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It does not optimize the function that is declared const.

It can optimize functions that call the function that is declared const.

void someType::somefunc();

void MyFunc()
{
    someType A(4);   // 
    Fling(A.m_val);
    A.someFunc();
    Flong(A.m_val);
}

Here to call Fling, the valud A.m_val had to be loaded into a CPU register. If someFunc() is not const, the value would have to be reloaded before calling Flong(). If someFunc is const, then we can call Flong with the value that's still in the register.

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I don't think const helps with optimization at all. A.someFunc() could easily do const_cast<someType*>(this)->m_val = 42; or any number of other things that would change m_val (e.g. if there is a non-const pointer to A in a global variable, someFunc could change it) –  Qwertie Oct 17 '08 at 15:14
3  
The compiler is allowed to assume you won't cast away const; you do so at your own risk. And, as A lives entirely within MyFunc(), the compiler can track if there's a global pointer to it. (In this example, there can't be) –  James Curran Oct 17 '08 at 15:17
1  
I'm not sure this answer (and comment) is correct. As far as I know, it is completely legal to cast away constness and modify an object as long as it is not a const object. In your example, A is not const, so somefunc (which is not declared const, btw) is allowed to cast away constness on this and modify the current object. However, if A was defined as const someType A(4), then modifying it by casting away constness would yeld undefined behavior. Consequently, I don't think the compiler can optimize anything in the example you gave. –  Luc Touraille Mar 11 '11 at 21:01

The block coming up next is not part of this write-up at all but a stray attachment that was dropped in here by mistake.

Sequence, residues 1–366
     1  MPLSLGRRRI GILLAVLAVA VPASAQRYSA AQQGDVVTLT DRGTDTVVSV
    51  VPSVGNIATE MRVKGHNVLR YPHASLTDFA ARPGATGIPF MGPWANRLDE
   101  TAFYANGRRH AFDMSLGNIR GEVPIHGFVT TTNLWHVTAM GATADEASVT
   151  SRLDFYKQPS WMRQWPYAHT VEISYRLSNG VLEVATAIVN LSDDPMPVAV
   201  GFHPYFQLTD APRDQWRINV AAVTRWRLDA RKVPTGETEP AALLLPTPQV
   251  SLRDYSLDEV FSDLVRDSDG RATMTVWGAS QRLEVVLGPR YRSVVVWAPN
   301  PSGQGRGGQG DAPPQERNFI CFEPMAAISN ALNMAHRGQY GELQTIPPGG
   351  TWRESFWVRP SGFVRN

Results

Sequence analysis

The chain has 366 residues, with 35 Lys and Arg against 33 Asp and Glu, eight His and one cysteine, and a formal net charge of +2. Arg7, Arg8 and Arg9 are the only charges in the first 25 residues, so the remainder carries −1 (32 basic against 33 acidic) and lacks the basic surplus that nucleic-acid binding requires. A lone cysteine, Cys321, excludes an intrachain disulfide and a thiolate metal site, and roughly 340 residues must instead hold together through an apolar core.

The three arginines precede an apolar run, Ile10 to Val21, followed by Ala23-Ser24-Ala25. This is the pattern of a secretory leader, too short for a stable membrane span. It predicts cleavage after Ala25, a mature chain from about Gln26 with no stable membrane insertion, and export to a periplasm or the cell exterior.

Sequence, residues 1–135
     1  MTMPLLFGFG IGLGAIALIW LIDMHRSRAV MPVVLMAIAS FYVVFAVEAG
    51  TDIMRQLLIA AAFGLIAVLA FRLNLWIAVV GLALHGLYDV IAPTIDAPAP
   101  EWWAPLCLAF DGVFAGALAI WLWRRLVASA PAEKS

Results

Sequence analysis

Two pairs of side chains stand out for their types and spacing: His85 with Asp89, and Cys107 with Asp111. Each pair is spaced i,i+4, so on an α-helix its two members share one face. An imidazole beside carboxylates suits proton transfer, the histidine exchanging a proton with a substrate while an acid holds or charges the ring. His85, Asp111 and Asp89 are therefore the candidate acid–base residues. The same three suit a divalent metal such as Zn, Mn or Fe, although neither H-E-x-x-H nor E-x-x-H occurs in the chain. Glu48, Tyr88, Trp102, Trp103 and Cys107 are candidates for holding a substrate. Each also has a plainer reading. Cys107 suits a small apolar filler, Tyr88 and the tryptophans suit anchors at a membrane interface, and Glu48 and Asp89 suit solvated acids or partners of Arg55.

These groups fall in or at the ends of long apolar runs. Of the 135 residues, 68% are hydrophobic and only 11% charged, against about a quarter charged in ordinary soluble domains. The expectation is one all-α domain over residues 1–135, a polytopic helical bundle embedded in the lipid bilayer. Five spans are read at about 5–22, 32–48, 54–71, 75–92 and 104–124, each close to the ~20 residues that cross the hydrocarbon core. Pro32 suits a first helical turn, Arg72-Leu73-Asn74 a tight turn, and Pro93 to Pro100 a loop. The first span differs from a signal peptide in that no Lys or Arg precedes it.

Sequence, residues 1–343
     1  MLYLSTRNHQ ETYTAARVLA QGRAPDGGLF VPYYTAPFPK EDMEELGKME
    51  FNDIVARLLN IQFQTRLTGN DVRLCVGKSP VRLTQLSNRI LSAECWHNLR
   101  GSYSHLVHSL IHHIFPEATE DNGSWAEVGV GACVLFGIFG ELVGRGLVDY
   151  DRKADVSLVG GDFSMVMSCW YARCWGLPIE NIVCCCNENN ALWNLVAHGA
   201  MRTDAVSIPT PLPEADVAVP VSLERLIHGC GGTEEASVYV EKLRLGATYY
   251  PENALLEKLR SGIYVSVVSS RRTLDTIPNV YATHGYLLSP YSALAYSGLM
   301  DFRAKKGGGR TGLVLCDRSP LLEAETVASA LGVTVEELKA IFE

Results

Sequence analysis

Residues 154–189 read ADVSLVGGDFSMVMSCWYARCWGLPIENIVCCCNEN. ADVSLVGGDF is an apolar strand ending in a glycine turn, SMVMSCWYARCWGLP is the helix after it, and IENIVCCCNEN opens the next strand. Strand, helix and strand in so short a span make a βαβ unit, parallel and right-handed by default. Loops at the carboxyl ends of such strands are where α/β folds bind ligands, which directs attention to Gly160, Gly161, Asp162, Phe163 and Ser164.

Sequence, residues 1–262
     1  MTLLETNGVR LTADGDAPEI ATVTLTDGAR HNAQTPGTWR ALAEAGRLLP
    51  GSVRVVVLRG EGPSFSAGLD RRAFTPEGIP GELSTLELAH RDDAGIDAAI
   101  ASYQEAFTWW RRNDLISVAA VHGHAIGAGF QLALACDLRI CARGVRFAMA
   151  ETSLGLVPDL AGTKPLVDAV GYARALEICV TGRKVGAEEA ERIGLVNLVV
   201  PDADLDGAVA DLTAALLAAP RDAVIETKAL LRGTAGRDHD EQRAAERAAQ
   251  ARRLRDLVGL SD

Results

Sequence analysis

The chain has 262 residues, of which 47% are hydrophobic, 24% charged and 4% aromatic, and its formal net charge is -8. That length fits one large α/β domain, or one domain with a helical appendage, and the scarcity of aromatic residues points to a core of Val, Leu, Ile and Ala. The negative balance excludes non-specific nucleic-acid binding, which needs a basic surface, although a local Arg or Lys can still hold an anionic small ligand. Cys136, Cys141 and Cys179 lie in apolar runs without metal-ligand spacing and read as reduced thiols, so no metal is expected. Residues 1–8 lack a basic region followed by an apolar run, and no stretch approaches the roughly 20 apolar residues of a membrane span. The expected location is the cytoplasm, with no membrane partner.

It is important to make a distinction between a const object and a const handle (pointer or reference) to an object (which can be const or not). The former can potentially lead to compiler optimizations, will the latter cannot (AFAIK). –  Luc Touraille Mar 11 '11 at 21:03
    
@JamesCurran "The compiler is allowed to assume you won't cast away const" Wrong. –  curiousguy Dec 16 '11 at 22:53

The main reason for having methods as const is for const correctness, not for possible compilation optimization of the method itself.

If variables are const they can (in theory) be optimized away. But only is the scope can be seen by the compiler. After all the compiler must allow for them to be modified with a const_cast elsewhere.